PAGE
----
There are many definitions of “resistance” to the Holocaust. Was physical resistance always “moral” and “rational?” The relatively rare instances of physical resistance to the Nazis are universally acclaimed. However, in the ghettos of Eastern Europe they were much debated. Such resistance was morally ambiguous and may not have been “rational” because it provoked massive reprisals. As there was no chance to defeat the Germans, were compliance with Nazi orders and working for them more “rational,” since that might have saved at least some?
Zvi Gitelman is professor of political science and Preston Tisch Professor of Judaic Studies at the University of Michigan, Ann Arbor. Author or editor of 16 books, in 2012 Gitelman published Jewish Identities in Postcommunist Russia and Ukraine: an Uncertain Ethnicity (Cambridge University Press), based on several thousand interviews. His book A Century of Ambivalence: The Jews of Russia and the Soviet Union (2001) has been translated into Japanese and Russian. His edited volume, The Russian-speaking Jewish Diaspora, will be published in 2016. His current research is on World War Two and the Holocaust in the Soviet Union and he is editing a volume on the Russian-speaking Jewish diaspora.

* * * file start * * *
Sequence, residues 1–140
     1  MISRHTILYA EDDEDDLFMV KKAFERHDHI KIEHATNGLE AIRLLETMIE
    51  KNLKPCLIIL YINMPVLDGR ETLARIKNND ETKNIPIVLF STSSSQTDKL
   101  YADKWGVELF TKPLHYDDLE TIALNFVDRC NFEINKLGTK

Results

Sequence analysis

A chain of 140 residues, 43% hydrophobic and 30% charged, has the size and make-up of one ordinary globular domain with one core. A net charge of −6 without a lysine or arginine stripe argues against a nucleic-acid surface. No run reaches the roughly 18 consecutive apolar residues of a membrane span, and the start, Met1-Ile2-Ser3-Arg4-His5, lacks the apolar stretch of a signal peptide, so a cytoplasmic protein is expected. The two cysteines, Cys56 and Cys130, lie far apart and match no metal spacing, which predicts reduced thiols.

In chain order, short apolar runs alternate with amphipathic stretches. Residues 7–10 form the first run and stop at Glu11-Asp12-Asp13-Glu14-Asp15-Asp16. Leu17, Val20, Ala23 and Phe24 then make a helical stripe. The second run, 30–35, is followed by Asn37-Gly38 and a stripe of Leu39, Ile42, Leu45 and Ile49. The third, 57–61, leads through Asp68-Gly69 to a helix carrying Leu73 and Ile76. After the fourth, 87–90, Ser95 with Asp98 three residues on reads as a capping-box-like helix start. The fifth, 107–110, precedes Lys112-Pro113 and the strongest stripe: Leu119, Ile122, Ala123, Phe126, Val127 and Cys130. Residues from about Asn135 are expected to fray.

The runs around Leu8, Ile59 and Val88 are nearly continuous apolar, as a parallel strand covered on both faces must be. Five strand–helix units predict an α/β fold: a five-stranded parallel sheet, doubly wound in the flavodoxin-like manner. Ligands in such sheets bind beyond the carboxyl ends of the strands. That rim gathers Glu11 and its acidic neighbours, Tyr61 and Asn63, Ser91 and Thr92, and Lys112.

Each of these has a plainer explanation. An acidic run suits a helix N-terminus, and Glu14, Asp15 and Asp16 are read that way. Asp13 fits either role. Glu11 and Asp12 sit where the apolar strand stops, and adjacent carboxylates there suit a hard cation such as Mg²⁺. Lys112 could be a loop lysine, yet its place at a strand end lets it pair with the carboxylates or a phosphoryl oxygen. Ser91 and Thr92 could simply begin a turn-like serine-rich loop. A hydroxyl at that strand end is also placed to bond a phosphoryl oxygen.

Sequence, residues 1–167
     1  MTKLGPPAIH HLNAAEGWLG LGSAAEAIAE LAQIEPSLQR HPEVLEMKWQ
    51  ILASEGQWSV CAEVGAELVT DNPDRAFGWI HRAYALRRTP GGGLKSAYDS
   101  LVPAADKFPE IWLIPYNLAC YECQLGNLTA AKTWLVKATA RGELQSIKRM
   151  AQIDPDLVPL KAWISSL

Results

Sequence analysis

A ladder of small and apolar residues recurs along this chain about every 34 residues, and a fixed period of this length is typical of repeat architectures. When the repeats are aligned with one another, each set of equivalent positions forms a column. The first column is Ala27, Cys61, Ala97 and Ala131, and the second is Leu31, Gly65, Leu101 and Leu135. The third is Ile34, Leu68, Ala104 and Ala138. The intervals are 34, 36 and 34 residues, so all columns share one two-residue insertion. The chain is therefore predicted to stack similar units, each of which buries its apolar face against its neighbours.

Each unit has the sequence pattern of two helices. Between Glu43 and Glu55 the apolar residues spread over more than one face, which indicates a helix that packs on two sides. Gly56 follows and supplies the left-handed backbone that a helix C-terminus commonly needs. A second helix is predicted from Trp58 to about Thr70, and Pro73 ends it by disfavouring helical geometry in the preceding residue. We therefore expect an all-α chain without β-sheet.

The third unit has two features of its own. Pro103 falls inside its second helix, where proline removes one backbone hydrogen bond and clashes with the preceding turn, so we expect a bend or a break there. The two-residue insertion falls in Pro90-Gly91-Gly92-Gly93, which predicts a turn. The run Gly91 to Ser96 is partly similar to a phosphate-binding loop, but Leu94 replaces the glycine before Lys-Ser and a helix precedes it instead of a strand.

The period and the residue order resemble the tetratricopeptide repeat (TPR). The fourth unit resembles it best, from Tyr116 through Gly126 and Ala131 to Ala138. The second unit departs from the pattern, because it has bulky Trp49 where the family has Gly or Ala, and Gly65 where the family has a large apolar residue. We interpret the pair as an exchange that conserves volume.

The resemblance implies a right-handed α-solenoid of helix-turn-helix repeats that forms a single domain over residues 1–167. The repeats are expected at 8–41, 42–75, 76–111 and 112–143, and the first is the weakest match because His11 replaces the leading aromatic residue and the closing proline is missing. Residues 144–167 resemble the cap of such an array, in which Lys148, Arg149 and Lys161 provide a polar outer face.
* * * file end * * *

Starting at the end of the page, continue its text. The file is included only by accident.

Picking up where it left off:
Sponsored by: The Frankel Institute for Advanced Judaic Studies